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Food for Thought: 5 Brain Foods to Help Your Finals Studying

This article is written by a student writer from the Her Campus at McGill chapter.

Every month of December during finals week, students are put to the test of pulling our attention away from the infectious holiday festivity around the city and into our textbooks and notes.  Our brain is then further evaluated on how much information it can withhold in a week. We can only help ourselves by giving it enough nourishment it needs, in order to fuel this exhausting process. Here are some five food types that can help in enhancing memory and concentration during your studying.

1. Nuts: walnuts, almonds, peanuts, cashews, hazelnuts and even nut butters (unhydrogenated)

Conveniently, all these nuts are great natural sources of Vitamin E. Studies have shown that consumption of Vitamin E correlates with less cognitive degeneration during aging. Walnuts have especially been associated with improved memory and other cognitive functions. Weirdly, they even look like little human brains. You can easily purchase a large bag of assorted nut mix from Provigo or Metro and distribute them into little zip-lock bags to munch on at the library, or even during your exams.

2. Salmon

Lucky for us, we happen to be living in a country where fresh salmons are easily accessible in nearby grocery stores. These fishes are not only delicious, but also full of omega3-fatty acids. Our body is able to take this kind of fatty acids from a fish source easier than those from a plant source. Research has shown omega-3 fatty acids fortify the synapses, related to memory, in our brains. You can cook it according to your preference.

3. Spinach

Some of you may be cringing from the time your parents force-fed you these evil little green leafs. But turns out they aren’t so evil, they actually contain vitamins that contribute in making red blood cells, which carry oxygen to the brain, and folic acid that protects the neurons. Mix them in salads, omlettes, etc.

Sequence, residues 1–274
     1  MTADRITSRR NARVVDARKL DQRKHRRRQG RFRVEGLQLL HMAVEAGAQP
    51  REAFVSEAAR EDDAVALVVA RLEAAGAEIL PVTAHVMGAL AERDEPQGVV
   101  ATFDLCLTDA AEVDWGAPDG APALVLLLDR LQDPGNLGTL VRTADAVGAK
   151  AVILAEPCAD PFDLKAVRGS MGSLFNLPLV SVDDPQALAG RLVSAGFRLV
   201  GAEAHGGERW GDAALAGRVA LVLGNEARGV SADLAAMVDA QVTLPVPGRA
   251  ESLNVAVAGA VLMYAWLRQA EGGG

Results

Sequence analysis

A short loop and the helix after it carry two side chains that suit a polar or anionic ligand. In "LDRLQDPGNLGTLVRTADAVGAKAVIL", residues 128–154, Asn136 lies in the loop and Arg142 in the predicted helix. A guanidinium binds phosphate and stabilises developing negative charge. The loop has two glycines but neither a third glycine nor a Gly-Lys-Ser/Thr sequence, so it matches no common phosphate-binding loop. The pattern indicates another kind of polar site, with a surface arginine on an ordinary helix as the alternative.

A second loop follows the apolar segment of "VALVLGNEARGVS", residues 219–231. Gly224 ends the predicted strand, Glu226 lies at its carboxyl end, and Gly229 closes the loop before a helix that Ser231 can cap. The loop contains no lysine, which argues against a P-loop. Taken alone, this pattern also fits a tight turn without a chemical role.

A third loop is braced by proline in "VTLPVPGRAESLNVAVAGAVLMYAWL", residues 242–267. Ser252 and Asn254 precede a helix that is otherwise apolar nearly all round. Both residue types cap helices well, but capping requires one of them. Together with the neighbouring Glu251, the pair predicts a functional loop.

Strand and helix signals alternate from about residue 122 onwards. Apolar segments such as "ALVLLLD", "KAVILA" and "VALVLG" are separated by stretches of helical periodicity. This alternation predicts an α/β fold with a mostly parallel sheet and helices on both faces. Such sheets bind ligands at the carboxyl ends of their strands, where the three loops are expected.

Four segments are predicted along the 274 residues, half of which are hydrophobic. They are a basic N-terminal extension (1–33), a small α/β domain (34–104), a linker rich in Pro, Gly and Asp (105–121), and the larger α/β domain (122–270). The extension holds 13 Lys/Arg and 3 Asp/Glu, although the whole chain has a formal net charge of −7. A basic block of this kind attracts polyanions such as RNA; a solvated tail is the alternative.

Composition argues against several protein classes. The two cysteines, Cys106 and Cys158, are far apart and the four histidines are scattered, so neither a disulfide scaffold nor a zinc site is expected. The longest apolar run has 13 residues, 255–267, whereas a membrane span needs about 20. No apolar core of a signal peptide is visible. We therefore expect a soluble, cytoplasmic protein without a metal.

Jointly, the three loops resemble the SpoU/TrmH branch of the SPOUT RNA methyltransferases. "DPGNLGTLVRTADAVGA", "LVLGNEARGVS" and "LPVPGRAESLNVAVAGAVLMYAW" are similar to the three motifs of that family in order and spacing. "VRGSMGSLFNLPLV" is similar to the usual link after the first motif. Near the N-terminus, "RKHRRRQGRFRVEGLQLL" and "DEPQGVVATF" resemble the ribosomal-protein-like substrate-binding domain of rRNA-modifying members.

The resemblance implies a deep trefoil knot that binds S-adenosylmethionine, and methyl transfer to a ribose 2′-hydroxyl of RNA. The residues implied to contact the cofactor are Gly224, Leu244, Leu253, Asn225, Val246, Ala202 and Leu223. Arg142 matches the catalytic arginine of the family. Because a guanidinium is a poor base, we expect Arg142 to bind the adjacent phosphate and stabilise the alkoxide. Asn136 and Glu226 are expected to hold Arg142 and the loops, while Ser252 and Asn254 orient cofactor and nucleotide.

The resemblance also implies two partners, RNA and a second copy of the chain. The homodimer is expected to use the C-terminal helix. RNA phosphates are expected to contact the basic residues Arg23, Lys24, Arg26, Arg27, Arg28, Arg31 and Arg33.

4. Beans

Beans are also easily purchasable and can be found in cans or tofus in all grocery stores. It contains omega3-fatty acids and helps in providing a steady flow of glucose to our brains, which continually needs it as a fuel to function. 

5. Dark Chocolate

Now don’t get too excited. It’s still not healthy to have high blood sugars, nor ideal to have extreme sugar highs during your exams. However, moderate consumption can enhance mental concentration by its natural stimulants and relieve stress by its stimulation on endorphin production. A Harvard study also suggests dark chocolate is related to improved blood flow in the brain. Although these results are debatable, it requires no science to know that chocolate helps to temporarily boost our mood and fill that loneliness in our hearts, while melting so wonderfully in our mouth, all simultaneously.


Of course it’s impossible to be eating all of these every day, but at least try to incorporate some of them into your food groups and hopefully it will keep your brain strong and focused during this (soon to be over!) distressing week. Good luck!









Images obtained from: http://nutribulletblog.com/nuts-about-nuts/